The first film in history to keep theaters open at night was Underworld, the story of a gangster, his lawyer and his lawyer’s wife. Many considered it simplistic, but it was the first in a long line of gangster-driven plots, movies produced by Hollywood that gave audiences glamour, gore and loose morals: Everything the audiences craved. Hollywood gangsters have become sexy and the gangster movie has grown bigger and crazier with each passing year. The newest film to join this lineup is Gangster Squad, based on the book by Paul Lieberman and adapted for the screen by Will Beall.
Based on true events, Gangster Squad, directed by Ruben Fleischer, follows the story of Sergeant John O’Mara (Josh Brolin) and his team of off-beat cops who collectively try to bring down L.A. gangster Mickey Cohen (Sean Penn). Cohen runs Los Angeles at the start of the film, and has plans to expand all across the West Coast, which he plans to rip apart and keep in his control. Commissioned by his chief of police due to his unflinching drive to clean up L.A., Sgt. O’Mara recieves the orders to take down Cohen outside of the law. With the help of his pregnant wife Connie (Mireille Enos), O’Mara gathers his hand-picked gangster squad: Officer Coleman Harris (Anthony Mackie), the gun-hand; Officer Max Kennard (Robert Patrick), the recruit; Officer Navidad Ramirez (Michael Peña), the brains of the operation; Officer Conway Keeler (Giovanni Ribisi); and his good friend Sergeant Jerry Wooters (Ryan Gosling).
Of course, the part of the story all the audiences were dying for was the romance between Grace Faraday (Emma Stone) and Sgt. Jerry Wooters. The incredibly attractive couple starred about a year and a half ago in Crazy, Stupid, Love. After their adorable contribution to that movie, pressure was high for the on-screen couple to contribute greater chemistry in Gangster Squad. Like many recurring onscreen couples, their second performance fell short to their first. Not as far short as in Joe Versus the Volcano or Fool’s Gold way, but closer to Fifty First Dates. They retained decent chemistry but had much less to work with in this film. Grace Faraday was the etiquette teacher and lover of Mickey Cohen who went home with Sgt. Jerry Wooters before the gangster squad was formed or considered. Due to the lies told by both, Grace is unable to fully trust either man: one she cares about and one she is forced to care for. The ending, of course, will surprise no one, but it is pleasant to see the love story progress and the actors maintain their strong on-screen compatibility.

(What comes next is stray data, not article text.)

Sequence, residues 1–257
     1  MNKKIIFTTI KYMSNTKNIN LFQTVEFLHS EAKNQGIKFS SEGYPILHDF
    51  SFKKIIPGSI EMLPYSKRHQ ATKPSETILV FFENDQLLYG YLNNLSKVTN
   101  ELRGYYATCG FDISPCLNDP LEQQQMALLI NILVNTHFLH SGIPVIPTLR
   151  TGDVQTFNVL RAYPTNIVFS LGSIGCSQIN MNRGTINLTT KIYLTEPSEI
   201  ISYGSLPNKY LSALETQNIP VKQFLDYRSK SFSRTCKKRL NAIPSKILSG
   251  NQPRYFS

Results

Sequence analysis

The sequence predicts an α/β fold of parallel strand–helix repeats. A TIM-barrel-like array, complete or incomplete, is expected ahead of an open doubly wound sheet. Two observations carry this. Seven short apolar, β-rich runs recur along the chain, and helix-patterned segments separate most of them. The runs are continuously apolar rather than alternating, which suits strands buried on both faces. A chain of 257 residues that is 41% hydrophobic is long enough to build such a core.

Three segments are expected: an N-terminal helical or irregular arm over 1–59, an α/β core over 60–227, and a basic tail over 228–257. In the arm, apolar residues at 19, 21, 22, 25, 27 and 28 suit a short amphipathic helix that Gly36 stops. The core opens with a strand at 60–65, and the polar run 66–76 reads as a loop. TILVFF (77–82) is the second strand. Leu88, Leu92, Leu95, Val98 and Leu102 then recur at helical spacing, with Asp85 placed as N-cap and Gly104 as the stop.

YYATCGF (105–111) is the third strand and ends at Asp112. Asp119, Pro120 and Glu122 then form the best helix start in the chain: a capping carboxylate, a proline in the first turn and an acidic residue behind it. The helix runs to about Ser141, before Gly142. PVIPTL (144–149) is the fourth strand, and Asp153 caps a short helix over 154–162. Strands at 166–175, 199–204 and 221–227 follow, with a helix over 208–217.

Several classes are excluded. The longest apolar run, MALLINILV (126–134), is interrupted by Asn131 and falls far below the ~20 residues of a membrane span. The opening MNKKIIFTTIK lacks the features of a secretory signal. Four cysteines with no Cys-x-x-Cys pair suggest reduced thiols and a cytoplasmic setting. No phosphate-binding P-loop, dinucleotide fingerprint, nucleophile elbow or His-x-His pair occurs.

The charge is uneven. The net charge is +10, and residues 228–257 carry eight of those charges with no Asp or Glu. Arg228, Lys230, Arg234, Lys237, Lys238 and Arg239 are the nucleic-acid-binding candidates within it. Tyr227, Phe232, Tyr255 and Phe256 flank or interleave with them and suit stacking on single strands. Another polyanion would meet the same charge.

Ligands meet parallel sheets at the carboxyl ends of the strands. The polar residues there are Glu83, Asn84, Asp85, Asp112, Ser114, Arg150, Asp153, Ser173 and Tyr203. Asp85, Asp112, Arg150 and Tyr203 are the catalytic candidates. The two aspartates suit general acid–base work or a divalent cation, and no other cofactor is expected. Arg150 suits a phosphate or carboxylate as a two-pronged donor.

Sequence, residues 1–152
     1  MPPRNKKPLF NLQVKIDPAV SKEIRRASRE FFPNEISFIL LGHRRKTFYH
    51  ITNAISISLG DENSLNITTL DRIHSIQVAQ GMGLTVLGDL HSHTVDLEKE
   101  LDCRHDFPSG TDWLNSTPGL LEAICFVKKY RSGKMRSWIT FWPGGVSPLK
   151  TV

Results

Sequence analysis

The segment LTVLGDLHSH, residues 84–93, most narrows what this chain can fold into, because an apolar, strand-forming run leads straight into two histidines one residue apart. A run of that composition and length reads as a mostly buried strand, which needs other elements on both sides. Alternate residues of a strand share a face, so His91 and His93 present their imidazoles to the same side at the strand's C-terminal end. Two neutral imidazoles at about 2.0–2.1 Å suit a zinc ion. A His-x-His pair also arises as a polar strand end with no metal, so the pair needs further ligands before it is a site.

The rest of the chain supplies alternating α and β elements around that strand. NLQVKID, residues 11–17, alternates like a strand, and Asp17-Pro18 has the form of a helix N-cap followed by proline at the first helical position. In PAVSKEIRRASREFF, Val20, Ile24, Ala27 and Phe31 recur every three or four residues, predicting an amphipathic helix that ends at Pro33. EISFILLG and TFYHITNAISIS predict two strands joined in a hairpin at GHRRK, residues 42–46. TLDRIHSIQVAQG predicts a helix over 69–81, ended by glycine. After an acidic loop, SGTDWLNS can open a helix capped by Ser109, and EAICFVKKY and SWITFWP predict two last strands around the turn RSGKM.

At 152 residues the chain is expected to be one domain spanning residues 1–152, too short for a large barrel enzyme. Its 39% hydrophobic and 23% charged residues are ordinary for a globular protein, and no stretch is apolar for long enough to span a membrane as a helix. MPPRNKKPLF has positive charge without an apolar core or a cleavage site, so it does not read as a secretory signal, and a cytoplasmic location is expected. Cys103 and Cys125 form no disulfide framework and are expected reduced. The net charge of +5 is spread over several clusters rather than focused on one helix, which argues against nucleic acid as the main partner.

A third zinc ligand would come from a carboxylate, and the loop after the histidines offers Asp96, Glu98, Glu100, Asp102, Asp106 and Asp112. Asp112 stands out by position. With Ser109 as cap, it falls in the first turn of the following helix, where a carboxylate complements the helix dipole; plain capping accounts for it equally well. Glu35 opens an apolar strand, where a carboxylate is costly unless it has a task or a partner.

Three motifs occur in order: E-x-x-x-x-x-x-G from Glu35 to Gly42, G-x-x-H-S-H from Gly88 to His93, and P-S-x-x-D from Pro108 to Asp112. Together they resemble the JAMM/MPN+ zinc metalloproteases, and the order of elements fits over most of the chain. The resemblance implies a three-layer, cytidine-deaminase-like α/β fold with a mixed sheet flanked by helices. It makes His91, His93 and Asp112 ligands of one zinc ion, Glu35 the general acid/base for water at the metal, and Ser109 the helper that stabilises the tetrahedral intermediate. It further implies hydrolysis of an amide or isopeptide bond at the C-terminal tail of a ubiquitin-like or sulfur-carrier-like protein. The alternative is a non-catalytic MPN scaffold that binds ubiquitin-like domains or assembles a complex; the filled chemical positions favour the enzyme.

In all of the characters, something is lacking. This isn’t entirely to blame on the actors’ performances. Sure, some of the roles may have been better filled by other actors, but each actor turned in a strong performance and did their best with what they were given by the writers. The problem was, they weren’t given a lot. As a novel, I am sure the story maintains a stronger adherence to the true history and is able to more fully flesh out its characters. However, as a film, the characters all seem one-dimensional and any attempt to make them otherwise seems forced and off-putting. The plot is also, sadly, lacking. The film is repetitive and inaccessible. Gangster Squad runs a little under two hours and yet there are only two scenes that I can recall as being impactful in any way. Not much happened in actuality. Violence and gore are a natural part of any gangster film, especially one where both the cops and the gangsters are working outside the law, but some of the violence seemed superfluous. What felt like 20 minutes of straight machine gun versus machine gun was a little over the top.
On a rather fascinating note, they were forced to re-edit and re-shoot several scenes from the movie due to the recent events in Aurora, Colorado. There was a scene of violence and shooting within a movie theater, but due to the sensitivity regarding this setting for violence, the entire sequence was cut and anything relating to it had to be re-edited. The nature of modern events affecting a historical film is quite profound.
Why this film is worth any attention, however, is due to the decade in which it occurs. The costuming and sets are absolutely beautiful. The 1940’s, according to Gangster Squad, were both classy and sexy, featuring low-lit bars such as Slapsy Maxie’s with a host of singers and well-to-do members of society. Tables were set in public places for gangsters, judges and cops dining and drinking together, displaying their corruption for everyone to see. It was a classier period: not as blunt and cut and dry as our modern age. It makes me sad that we ever moved away from men dressing in suits and hats daily and women sporting sundresses during the day and long slinky numbers for night events. It is no wonder smoking was considered cool at the time: If people of this society had sat around chewing celery, I am sure Americans would all be thin as bean poles in an effort to emulate our sexy, swanky predecessors.
Apart from the incredible attractiveness of the featured couple and the amazing era in which it occurs, Gangster Squad is mediocre at best. While it is interesting in its own way, it seems to teeter between different tones of its genre, trying to emulate them all at once. One moment, it is suave; another it is harsh, brutal and violent. It is fascinating to look at old Chinatown and the L.A. of 70 years ago, but other than that, it achieves very little merit in the long run.
Original Author: Marissa Tranquilli